ELSEN Academy teacher and learner

Eight Pieces of the Learning Puzzle: How Teachers Can Help

Philippa Fabbri, director and founding member of Elsen Academy in Gqeberha (Port Elizabeth), in the Eastern Cape, discusses the learning puzzle: difficulties children may experience in relation to thinking with numbers and learning to read.

1. Thinking with numbers

Mathematics is a cumulative subject, and the learner must constantly integrate new and more sophisticated skills and concepts.

For students to progress to more complex tasks, a portion of mathematics knowledge must become automatised – in other words habitual. As basic abilities (such as producing addition and subtraction facts) become automatic, the learner can manage higher mathematical levels, such as the use of maths procedures (for example the steps for long division and the rules for multiplying fractions), the building of maths concepts (ratio and proportion), and the process of problem solving (as in maths word problems).

If a child does not have strong ‘sense’ of numbers, the teacher can try the following helpful tip. They can move the student through a sequence of understanding from concrete objects to semi-abstract representations, to abstract notions.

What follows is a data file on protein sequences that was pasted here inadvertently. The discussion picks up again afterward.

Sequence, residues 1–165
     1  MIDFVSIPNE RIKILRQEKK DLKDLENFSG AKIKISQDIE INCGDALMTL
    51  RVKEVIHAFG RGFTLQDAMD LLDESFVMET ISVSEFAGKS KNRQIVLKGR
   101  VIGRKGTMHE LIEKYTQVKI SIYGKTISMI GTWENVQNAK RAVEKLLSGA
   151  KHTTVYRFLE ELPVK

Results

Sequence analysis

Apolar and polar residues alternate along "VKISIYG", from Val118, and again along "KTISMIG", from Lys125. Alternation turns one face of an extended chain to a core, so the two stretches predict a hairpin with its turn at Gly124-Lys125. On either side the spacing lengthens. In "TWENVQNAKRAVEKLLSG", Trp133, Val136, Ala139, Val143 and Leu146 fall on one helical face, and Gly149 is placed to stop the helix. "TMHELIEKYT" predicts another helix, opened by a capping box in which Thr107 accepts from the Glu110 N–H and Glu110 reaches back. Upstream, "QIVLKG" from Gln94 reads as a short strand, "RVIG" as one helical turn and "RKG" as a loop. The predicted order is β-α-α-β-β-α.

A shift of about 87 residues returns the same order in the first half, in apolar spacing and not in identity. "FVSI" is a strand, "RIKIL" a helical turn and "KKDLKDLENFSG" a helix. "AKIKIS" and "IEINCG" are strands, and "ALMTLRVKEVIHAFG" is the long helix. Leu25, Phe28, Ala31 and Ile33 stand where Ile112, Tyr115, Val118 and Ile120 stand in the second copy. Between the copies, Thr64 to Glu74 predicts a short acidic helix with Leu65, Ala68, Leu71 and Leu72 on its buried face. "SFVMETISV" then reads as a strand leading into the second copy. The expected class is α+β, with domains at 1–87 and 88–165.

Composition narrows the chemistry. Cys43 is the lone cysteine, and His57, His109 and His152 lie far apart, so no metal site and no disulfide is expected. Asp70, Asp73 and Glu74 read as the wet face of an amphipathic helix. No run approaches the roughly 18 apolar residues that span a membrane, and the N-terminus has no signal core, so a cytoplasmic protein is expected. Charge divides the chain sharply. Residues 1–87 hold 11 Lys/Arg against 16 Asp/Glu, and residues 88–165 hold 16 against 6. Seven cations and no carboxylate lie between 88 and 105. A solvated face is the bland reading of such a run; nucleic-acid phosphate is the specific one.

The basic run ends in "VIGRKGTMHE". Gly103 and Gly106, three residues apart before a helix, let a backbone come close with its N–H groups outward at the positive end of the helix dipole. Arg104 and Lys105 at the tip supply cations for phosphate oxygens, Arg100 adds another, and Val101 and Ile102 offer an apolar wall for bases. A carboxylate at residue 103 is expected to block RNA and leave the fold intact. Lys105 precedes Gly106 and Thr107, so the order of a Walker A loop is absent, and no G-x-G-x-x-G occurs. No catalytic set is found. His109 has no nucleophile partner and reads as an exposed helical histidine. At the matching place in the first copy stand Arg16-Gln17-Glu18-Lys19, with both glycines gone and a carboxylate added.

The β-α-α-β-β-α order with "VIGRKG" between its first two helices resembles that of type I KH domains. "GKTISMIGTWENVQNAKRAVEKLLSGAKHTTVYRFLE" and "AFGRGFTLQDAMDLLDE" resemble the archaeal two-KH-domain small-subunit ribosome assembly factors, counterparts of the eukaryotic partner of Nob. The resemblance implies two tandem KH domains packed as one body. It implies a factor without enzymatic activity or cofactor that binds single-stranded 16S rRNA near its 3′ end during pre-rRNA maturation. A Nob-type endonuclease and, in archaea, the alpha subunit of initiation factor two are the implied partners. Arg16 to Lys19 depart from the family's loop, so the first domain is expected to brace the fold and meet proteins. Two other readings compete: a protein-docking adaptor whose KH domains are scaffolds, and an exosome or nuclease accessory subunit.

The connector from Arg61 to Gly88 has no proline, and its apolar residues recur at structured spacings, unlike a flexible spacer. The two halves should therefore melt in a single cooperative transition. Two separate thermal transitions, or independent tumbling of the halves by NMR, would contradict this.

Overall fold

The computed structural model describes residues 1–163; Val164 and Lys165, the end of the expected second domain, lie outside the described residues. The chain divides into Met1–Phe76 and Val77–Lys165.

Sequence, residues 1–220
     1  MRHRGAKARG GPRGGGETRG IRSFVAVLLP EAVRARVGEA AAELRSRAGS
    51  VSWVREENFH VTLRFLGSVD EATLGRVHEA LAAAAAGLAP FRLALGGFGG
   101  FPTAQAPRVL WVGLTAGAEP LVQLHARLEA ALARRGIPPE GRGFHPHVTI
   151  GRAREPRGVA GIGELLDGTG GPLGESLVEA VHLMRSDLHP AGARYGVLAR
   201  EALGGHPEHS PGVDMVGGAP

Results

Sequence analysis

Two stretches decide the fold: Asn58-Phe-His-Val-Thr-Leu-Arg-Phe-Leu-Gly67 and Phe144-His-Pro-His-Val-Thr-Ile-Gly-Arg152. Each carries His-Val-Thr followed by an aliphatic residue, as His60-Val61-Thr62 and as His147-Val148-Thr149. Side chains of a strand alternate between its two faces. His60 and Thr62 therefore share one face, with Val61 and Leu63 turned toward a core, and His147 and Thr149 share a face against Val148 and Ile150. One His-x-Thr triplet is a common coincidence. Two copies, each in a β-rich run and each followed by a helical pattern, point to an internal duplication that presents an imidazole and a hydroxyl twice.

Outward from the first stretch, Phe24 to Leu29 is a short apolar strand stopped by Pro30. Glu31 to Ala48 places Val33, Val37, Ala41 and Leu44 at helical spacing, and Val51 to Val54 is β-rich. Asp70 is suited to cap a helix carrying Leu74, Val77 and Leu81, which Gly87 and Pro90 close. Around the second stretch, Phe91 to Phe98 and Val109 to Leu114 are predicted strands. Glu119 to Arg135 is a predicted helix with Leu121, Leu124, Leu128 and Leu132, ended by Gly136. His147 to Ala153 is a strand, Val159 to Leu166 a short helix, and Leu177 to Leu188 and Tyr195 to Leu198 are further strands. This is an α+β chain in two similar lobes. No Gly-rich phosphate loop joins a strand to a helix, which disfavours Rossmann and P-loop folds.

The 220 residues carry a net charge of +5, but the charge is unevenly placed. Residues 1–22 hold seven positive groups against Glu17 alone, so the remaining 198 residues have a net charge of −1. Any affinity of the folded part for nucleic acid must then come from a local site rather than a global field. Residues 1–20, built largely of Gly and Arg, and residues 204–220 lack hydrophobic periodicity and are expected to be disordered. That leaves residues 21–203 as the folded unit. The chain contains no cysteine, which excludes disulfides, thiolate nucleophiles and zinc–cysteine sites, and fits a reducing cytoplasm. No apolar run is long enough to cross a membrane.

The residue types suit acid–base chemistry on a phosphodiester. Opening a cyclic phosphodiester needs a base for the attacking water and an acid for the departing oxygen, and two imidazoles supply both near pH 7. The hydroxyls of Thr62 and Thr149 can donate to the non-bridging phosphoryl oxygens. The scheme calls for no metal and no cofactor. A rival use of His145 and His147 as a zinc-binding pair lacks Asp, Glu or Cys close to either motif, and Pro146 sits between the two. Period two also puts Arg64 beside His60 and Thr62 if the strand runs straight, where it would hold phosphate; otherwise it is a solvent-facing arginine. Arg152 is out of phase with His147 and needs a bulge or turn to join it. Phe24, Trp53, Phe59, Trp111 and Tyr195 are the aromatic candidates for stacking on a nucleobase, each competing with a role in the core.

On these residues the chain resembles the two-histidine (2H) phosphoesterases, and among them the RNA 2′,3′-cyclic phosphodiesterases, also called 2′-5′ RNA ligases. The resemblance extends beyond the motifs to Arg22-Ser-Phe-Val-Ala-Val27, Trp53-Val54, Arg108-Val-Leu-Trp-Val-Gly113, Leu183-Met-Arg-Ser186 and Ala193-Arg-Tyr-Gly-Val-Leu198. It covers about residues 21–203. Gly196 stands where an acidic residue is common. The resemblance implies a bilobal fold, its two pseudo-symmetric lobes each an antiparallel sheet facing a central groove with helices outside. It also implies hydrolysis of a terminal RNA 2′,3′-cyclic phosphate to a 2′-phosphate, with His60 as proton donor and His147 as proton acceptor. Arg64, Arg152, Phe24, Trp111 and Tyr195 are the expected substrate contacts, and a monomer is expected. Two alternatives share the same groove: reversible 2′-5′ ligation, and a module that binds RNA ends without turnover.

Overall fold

If, for example, a teacher is trying to help the student understand that 3 x 2 = 6, they might place three paper plates on the floor, put two blocks on each plate, and finally, count the number of blocks to arrive at the understanding that ‘three groups of two blocks equals six blocks’.

The semiabstract level of understanding involves the use of pictures or drawings to represent numbers, and the abstract level of understanding involves the use of numerals as representatives of the symbolic process, e.g., 3 x 2 = 6.

Strategic approaches

If a student does not understand that there are basic patterns in numbers, the teacher should encourage them to use a strategic approach for practising and recalling maths facts. An example is saying, ‘I don‘t know 7 x 6, but I do know that 7 x 5 = 35, so one more 7 makes 42’; or, ‘I know that 7 x 7 = 49, so one less 7 makes 42’.